By Rita Jacinto Just Batty For Gardens How does my garden grow? With silver bells and cockle shells… And fertilizer, you idiot! Gardens are a work in progress, at least mine is. There is no end to what needs to be done, what could have been done better etc. etc. The point is to get outside and spend a little time with your hands in the earth, if the seeds you plant sprout and the flowers grow and bloom great! If not so what? Have fun, listen to the birds sing and the bee’s buzz, watch the spiders weaving their webs and the ants marching along and feel the sun on your back. Let yourself drift off into a reverie, it will be good for your soul. Don’t forget your houseplants. By now they are putting on new growth but it isn’t too late to repot and start your summer fertilizer program. Make it easy on yourself, set a table up outside and gather all the stuff you need, new pots, fresh potting soil, soil amendments etc. Then get your leafy house companions and bring them outside where you won’t have to worry about getting dirt and dead leaves all over the place. Now take a good look at them, prune them if they look straggly, check for bugs, remove dead leaves and branches. Replant into a pot one size larger using fresh new potting soil. If they don’t need to be repotted I usually scrape about an inch or so of soil off the top and add some fresh new stuff. The nutrients in potting soil are used up pretty fast by the plants and they will appreciate the fresh soil and nutrients. If you really want to thrill them you can add a little bat guano to each…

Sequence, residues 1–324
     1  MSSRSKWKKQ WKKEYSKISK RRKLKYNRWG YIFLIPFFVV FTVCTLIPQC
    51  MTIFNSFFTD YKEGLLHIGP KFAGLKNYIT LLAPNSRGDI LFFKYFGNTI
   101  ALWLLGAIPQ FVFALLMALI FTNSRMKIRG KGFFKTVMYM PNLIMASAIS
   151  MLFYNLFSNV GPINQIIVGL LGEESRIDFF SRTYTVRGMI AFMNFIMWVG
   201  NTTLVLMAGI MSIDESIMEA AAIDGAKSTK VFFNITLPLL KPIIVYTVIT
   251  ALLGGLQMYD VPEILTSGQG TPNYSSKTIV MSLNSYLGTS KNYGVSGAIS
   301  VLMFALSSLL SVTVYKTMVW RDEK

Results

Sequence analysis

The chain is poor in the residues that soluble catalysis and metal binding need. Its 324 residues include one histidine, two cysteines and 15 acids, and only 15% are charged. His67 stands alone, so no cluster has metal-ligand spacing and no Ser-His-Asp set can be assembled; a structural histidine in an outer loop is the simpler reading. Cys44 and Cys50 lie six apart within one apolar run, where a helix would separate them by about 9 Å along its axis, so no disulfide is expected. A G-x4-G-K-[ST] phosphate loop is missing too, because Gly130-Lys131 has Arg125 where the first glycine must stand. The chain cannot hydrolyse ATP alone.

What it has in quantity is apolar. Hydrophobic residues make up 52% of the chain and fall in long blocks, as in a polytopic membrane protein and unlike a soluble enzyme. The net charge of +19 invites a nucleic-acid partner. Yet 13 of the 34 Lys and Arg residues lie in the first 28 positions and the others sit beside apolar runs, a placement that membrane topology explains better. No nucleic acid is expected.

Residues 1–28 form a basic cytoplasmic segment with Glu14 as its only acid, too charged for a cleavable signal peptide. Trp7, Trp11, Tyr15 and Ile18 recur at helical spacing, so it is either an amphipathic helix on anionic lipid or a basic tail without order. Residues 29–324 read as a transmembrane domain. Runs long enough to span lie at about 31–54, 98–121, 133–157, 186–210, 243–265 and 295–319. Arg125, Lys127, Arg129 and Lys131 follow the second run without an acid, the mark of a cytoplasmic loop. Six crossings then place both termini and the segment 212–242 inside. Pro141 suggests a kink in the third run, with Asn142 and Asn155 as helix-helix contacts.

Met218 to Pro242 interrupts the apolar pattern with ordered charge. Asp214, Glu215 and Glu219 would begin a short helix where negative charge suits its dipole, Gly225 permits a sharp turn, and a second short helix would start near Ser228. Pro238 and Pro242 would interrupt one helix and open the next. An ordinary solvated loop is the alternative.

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Beauty & Health, First Blush

Beauty Oils In the Summer? You Bet!

By Genevieve LeFranc Beauty Oils In the Summer? You Bet! Now that we’re in the thick of the humid, muggy summer months, each of us is searching for a way to beat the heat when it comes to our beauty routines. Strong perfumes have been replaced with light body mists and layers of heavy foundation with a light dusting of powder or bronzer. But…what about our moisturizing routines? The idea of slathering your body with a thick, heavy-duty body butter or cream lotion seems almost suffocating in summer. I am a religious user of cocoa butter formulas during the winter for their rich moisturizing properties and luxe smell, but in the dog days of summer, the same lotion leaves me feeling sticky and weighed down, sweating it all off in a matter of minutes. Enter oil beauty products. If you’re feeling skeptical, you’re not alone. I, too, found the idea of oil counterintuitive, but once familiar with the non-breakout-causing, skin illuminating benefits that various oil products offer, I’m a believer. Oils work differently, actually helping your own skin balance its natural oil production as well as hydrating face, body, and hair. And it’s universal. Oils aren’t just for those with dry skin or fried, split ends—they’re great for treating acne-prone skin. The surprises continue: not all oils are created equal. Dry skin needs a product that will hydrate all day, while those with oilier skin types should look for a product that has a lightweight consistency. The best thing about oil is the fact that you can tailor it to your skin’s individual needs. Once you know which product is best for you, expect it to go to work right away. Trust me, the first time I used almond oil after a shower I felt like a piece of bacon,…